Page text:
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Friday, February 22, 2019

Two Days in the Delta - Exploring Tanis

 After the two hours of slow meanderings over many a speed-bump and through numerous small towns, we arrived at a gate with hieroglyphic inscriptions on the supporting pillars and an Arabic inscription, "Welcome to San el-Hagar," at the top.
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Welcome, indeed, to one of the former capitals of Egypt!  We proceeded to the entrance of the archeological site where we paid the 25 Egyptian Pound entrance fee (about a dollar and a half) - the lowest fee we have seen anywhere for several years.

I photographed the map posted above the ticket window to record it for later translation.
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This is one of the most important archeological sites in Egypt because of four untouched tombs that were discovered here in 1939-40.  While the treasures from those tombs are no longer here (we'll catch up to them in Cairo after a bit) the site is littered with columns, obelisks and pieces of statues.

Early French archeologists from Napoleon's era unearthed some treasures from the area, but it was Pierre Montet who spent over twenty years systematically exploring, excavating and cataloging the ancient city.  Montet spent nearly ten years in exploration before he turned up the first of four unmolested burial sites in March of 1939.  He uncovered the last major grave-site in February of 1940.

Of course, in between those dates, Germany declared war and invaded France; Italy attacked Egypt and the world's attention shifted away from archeology.  (See our blog posts from last year at El-Alamein and vicinity.) It's important to note that this site and its treasures are equal in importance and value to Carter's discovery of King Tut's tomb. If the war had not taken media preference, we would likely all know about this site and its Pharaohs as their treasures travel to various museums throughout the world, just as Tut's treasures do today.

There is an excellent French language video about Montet, his career and discoveries (but with horrible English subtitles) on YouTube worth watching.  Perhaps someone with good French language skills will translate it for us and leave the text in the comments to this post or, give us a proper audio translation to post here.

As we entered the gate, we glanced at the now closed "old museum" and some of the items from it, standing against a building and wondered if this trip was going to be a big disappointment.
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Then we walked down a hill toward the huge open field and were overwhelmed.
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Here Linda shows us how deep some of the Hieroglyphs are.  This was done to make it harder to erase a previous king's name and substitute your own, something that was often done when new pharaohs came into power.  In fact, the Tanis kings usurped the statues of quite a few earlier kings.   They made sure this wasn't going to happen to them later.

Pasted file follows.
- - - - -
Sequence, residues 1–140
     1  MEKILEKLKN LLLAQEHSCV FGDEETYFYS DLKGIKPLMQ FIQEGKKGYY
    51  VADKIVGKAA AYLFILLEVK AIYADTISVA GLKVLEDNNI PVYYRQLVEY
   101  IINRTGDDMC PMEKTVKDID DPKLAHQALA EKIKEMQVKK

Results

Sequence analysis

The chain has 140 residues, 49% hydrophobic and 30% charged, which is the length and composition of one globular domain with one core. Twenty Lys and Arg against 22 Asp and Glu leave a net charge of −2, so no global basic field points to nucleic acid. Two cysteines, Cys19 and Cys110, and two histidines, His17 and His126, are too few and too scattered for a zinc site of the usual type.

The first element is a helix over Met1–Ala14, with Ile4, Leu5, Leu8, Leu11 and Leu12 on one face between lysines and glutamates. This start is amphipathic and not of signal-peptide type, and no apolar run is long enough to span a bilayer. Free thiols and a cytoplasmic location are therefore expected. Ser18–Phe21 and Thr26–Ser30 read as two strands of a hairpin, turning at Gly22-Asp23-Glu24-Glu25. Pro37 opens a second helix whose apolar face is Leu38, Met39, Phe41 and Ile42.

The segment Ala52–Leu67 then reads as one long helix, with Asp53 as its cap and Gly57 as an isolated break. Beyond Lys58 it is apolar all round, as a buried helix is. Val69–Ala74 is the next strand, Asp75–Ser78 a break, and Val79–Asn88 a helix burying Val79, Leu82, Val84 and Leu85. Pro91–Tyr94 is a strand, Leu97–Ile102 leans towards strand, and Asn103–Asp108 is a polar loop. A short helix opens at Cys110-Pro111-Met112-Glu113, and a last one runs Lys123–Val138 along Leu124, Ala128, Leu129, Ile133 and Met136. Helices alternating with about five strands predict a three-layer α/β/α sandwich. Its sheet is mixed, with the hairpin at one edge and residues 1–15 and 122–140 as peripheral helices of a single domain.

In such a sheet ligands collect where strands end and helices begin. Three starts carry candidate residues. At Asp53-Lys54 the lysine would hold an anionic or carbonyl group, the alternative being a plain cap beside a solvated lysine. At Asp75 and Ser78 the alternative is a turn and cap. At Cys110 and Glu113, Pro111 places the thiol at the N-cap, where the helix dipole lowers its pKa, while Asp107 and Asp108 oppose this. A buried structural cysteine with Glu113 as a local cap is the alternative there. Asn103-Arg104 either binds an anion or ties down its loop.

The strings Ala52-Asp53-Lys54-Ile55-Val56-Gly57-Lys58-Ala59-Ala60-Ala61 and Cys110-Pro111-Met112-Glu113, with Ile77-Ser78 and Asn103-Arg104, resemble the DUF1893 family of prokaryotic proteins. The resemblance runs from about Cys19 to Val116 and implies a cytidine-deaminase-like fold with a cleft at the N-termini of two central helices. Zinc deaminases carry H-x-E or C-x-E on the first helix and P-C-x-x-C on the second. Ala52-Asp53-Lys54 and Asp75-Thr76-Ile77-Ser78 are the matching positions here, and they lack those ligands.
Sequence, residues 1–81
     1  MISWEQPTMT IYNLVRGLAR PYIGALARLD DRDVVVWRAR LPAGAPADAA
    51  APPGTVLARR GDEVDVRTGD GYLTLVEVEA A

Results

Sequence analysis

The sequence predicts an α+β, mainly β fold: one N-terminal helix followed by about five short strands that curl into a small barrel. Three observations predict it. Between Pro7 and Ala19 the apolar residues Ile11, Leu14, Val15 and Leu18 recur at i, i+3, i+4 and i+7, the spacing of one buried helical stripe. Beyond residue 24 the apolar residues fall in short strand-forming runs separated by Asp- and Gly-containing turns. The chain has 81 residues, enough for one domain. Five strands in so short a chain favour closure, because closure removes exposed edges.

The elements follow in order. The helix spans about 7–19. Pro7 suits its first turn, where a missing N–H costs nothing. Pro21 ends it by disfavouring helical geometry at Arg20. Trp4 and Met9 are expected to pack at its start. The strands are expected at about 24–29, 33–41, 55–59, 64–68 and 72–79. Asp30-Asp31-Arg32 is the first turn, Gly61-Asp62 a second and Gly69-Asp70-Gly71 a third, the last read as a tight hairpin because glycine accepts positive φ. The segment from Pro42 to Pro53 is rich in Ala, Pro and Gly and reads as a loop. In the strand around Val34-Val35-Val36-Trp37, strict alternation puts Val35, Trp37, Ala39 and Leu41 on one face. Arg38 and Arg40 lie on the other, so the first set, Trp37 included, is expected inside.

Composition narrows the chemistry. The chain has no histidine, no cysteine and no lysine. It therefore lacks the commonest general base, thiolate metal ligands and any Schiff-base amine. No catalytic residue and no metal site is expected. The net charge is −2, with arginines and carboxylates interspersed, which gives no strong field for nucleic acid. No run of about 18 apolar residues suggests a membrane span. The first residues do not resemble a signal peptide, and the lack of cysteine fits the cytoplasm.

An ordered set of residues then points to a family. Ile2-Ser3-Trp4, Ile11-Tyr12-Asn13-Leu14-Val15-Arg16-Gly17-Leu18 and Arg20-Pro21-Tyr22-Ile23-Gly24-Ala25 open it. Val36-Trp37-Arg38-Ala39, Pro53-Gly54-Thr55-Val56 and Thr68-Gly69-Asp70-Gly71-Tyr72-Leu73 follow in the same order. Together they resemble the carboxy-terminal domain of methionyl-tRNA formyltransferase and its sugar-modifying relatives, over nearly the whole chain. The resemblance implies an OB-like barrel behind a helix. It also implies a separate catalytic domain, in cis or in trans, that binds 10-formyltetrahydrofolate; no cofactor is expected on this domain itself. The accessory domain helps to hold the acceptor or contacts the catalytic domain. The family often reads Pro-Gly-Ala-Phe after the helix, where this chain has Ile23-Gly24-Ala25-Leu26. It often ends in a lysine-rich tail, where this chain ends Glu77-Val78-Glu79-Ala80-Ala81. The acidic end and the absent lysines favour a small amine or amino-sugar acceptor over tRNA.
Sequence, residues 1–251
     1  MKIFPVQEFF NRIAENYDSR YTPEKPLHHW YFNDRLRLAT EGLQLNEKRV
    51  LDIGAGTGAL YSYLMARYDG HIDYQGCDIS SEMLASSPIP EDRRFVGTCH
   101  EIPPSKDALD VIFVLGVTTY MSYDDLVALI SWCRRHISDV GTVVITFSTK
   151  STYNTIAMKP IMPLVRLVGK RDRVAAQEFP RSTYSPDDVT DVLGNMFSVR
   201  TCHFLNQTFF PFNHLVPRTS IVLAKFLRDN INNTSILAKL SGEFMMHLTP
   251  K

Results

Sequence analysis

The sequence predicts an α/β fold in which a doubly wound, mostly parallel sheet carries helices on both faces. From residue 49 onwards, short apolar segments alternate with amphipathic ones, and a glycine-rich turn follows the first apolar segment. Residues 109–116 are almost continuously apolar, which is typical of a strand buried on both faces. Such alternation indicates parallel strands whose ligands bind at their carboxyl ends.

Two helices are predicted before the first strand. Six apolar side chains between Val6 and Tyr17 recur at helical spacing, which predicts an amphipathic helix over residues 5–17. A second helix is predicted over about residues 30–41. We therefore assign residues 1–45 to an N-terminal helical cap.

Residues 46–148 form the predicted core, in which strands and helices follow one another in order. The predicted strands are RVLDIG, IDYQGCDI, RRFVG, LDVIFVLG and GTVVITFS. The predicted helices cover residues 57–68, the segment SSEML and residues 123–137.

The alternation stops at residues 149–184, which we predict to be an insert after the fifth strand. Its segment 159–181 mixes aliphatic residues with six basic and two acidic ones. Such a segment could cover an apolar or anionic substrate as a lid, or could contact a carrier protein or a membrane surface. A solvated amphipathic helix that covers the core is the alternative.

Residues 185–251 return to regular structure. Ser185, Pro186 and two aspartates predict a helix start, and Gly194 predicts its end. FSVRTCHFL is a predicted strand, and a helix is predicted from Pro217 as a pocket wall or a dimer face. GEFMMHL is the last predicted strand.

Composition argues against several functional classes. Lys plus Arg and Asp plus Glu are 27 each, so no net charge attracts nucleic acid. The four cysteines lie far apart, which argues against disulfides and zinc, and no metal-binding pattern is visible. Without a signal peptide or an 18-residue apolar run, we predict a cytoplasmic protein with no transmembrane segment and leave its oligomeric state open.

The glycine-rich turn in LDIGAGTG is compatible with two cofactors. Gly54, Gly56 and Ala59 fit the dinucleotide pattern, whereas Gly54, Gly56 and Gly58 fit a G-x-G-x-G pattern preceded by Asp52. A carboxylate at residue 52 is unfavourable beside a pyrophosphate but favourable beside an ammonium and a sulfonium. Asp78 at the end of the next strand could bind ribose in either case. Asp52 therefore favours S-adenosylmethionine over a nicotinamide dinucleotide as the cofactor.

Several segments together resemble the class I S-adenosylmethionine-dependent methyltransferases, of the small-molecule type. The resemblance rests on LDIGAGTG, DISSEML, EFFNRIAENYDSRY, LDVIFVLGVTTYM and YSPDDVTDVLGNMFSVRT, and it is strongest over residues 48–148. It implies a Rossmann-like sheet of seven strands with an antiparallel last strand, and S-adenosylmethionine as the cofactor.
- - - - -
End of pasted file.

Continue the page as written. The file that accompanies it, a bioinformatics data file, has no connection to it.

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The ability to wander through these stone treasures without a crowd of other tourists makes the trip up to Tanis worth a day of anyone's time.
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Accompanying us on the tour, besides some security personnel was Ezzat, the local site guide.
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Ezzy was very knowledgeable and patient as he showed us around.  He pointed out that he is world famous as he is mentioned in the Lonely Planet Guide to Egypt.  (It's true.)  He also mentioned that he had the key to the tomb of Osorkon but that we would need the permission of "the minister" to enter.  As is usual in this country, that red tape was easily cut and we toured the tomb.
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Ezzy unlocked the gate and we cautiously entered the tomb.
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As always, the tomb was empty, but the painting and hieroglyphs on the walls were notable and with some original color.
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Like many tourist sites in this country, this one continues to be explored.  The French are still working here and have a project planned to reconstruct one of the statues that has been found in pieces.
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If you would like more information about Tanis' history, try this Tour Egypt page and follow the links.

For more information about Pierre Montet the pickings are slim in English - but this author's page at Good Reads has a good synopsis. New World Encyclopedia also has an article.  If the name of Tanis sounds vaguely familiar, it is because the career and explorations of Montet served (very loosely) as the inspiration for the movie, Indiana Jones and the Raiders of the Lost Ark.


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